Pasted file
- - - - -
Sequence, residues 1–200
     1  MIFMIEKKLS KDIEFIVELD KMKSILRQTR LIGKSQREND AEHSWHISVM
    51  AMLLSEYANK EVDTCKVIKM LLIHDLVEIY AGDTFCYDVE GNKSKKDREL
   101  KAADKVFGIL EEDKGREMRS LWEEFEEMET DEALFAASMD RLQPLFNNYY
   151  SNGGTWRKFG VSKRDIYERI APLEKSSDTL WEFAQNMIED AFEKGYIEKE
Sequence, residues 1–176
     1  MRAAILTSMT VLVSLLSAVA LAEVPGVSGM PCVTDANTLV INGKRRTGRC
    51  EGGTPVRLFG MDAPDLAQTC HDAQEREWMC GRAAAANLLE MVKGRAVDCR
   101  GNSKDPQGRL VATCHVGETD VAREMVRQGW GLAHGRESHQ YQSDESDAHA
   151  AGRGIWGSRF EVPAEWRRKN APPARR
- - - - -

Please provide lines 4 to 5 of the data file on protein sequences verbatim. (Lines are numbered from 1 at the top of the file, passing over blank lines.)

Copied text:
   101  KAADKVFGIL EEDKGREMRS LWEEFEEMET DEALFAASMD RLQPLFNNYY
   151  SNGGTWRKFG VSKRDIYERI APLEKSSDTL WEFAQNMIED AFEKGYIEKE